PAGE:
The pastry, flecked with orange zest, rolled out to approximately 3-4mm thick, with a disc cut out of it for the base of a pie.

Fill the pastry with your mincemeat – I use about a level tablespoon per pie, but this will depend on the size and depth of the holes in your tray. You want the mincemeat to be level, and not heaped, otherwise it’s liable to bubble over the edges of your pastry. Roll out the remaining third of your pastry and cut out some stars, or slightly smaller circles, to cover your pies. Dab a little water around the edges of the pastry cases before placing the lid on top and pressing gently to seal them. If you have circular lids, ensure you make a couple of slits in the top of the pies for the steam to escape.

A cupcake tray - each hole is lined with pastry and filled with mincemeat, up to the rim. A few have their star-shaped lids pressed on.

Bake for 25–30 mins until golden brown. Leave to cool in the tin for 5–10 minutes until you can remove them from the tin and transfer them to a wire rack to cool completely. Or eat them while still warm which is ideal. Dust with a little icing sugar and douse in vegan brandy butter for the ultimate Christmas treat.

The baked mince pies, golden brown and dusted with icing sugar. The focus is on the mince pie on a plate which has been cut open with a fork to reveal a dark filling and flakey pastry. The rest of the mince pies are on a wooden board next to some pine foliage.

Please let me know if you give these a try! You can comment below or tag me on Instagram or Twitter @greedybearbakes.

I’d also like to say a big thank you to everyone who has visited my blog this year, whether you’ve subscribed, commented, cooked anything, or just had a cursory browse. There will be more to come in the new year (and possibly still to come this year if time allows), but in the meantime, I hope you and your loved ones have a very merry Christmas!

Perfect Vegan Mince Pies (GF option)

  • Servings: makes 12
  • Difficulty: Easy
  • Print

Crisp, buttery, and crumbly shortcrust pastry, encasing rich and fruity mincemeat.

Vegan, Gluten-free Option, Soya-free, Nut-free


  • 300g (approx.) mincemeat (see my orange and whiskey mincemeat for a recipe!)
  • 180g plain flour (OR 90g gram flour and 90g buckwheat flour for GF option)
  • 90g fridge cold vegan butter (or 45g vegan spread and 45g coconut oil / vegetable shortening)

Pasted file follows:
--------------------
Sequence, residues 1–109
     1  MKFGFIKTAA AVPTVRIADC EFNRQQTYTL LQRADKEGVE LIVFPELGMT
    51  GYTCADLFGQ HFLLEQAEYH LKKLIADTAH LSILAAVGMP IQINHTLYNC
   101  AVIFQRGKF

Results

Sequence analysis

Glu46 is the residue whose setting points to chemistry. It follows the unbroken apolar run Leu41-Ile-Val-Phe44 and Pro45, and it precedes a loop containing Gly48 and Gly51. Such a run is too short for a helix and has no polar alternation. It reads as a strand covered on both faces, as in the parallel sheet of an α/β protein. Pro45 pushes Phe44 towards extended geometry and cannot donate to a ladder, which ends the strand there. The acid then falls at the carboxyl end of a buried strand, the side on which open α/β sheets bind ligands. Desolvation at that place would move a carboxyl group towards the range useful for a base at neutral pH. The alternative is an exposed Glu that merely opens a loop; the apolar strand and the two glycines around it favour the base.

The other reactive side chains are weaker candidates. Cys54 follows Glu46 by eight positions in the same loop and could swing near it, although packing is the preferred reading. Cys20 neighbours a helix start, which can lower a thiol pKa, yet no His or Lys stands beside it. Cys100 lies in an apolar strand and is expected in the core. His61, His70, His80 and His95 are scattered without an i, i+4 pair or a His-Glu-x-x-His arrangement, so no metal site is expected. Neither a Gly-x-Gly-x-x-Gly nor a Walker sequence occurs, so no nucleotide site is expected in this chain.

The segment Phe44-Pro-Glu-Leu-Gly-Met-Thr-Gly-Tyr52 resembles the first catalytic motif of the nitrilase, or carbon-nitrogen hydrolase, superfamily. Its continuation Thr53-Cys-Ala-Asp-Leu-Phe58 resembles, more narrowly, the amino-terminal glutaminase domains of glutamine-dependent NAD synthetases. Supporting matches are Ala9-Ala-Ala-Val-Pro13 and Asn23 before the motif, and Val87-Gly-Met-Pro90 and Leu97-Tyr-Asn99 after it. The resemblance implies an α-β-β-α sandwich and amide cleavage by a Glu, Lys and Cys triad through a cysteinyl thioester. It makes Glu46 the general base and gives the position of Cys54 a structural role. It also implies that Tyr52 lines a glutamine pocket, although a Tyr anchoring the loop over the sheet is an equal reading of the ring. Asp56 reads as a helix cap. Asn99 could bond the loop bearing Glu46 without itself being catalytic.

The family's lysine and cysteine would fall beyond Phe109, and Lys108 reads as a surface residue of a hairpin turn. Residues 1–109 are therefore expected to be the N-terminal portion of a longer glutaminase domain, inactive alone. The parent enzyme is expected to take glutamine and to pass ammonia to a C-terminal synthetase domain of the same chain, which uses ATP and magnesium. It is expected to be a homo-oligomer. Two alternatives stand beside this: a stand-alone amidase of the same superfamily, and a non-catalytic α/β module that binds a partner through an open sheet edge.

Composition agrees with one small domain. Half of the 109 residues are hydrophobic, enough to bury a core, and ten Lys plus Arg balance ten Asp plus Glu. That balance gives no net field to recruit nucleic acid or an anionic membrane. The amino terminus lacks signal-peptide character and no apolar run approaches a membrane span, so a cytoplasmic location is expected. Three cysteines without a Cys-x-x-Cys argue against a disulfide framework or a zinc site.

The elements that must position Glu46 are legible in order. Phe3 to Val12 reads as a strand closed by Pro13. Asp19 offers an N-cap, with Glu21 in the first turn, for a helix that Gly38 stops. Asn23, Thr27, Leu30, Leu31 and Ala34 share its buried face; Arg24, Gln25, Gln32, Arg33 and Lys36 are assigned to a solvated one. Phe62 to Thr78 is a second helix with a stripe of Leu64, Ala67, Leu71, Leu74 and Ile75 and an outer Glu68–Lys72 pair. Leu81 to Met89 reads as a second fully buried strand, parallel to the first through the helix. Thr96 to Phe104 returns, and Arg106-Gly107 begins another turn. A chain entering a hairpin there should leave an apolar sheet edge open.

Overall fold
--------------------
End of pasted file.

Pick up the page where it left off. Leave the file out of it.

• 1 tbsp caster sugar
  • ½ orange, zest only (optional)
  • 3–4 tbsp water plus an ice cube


  1. Add an ice cube to a cup of water. Add 180g flour to a food processer (or large mixing bowl), and add 90g fat in small chunks. Pulse until the mixture resembles breadcrumbs (or rub together with your fingertips), then add 1 tbsp caster sugar and the zest of half an orange (if using) and pulse a couple of times (or mix with a spoon) until the zest is evenly distributed.
  2. Drizzle over 3 tbsp iced water and whizz (mix with a spoon) until the dough starts to come together. If it doesn’t start to form a dough or feels a little dry, add a little more water, but no more than 1 tbsp. Scoop the dough out and form into a ball with your hands. Cover with cling film and refrigerate for 30 minutes.
  3. Pre-heat the oven to 180C fan and lightly grease a 12 hole cupcake tray. Remove the dough from the fridge and tear off about a third for the lids. Keep this in the fridge while you roll out the remaining two thirds to 3–4mm thick. Using a cookie cutter slightly larger than the holes of your baking tray, cut out 12 discs, reforming the dough and rolling out again until you have as many as you need (ideally you should only need to re-roll the dough once). Press the discs into the holes in your baking tray, and spoon about a level tablespoon of mixture into each one. The mincemeat should be level and not come over the top of the pastry.
  4. Take the remaining third of dough out of the fridge and roll out to a similar thickness as the bases. Using a star shaped cutter, or a circular cutter the same size as the holes of your tray, cut out 12 lids. Dab a little water around the edge of each pie, then press the lid gently to seal. If you’re using circular lids, make sure you make a couple of slits in the center of each pie so the steam can escape.
  5. Bake in the oven for 25–30 minutes until the pastry is golden brown. Remove from the oven and leave to cool in the tin for 5–10 minutes, then transfer to a wire rack. These can be eaten while warm, or stored in an airtight container at room temperature for a few days.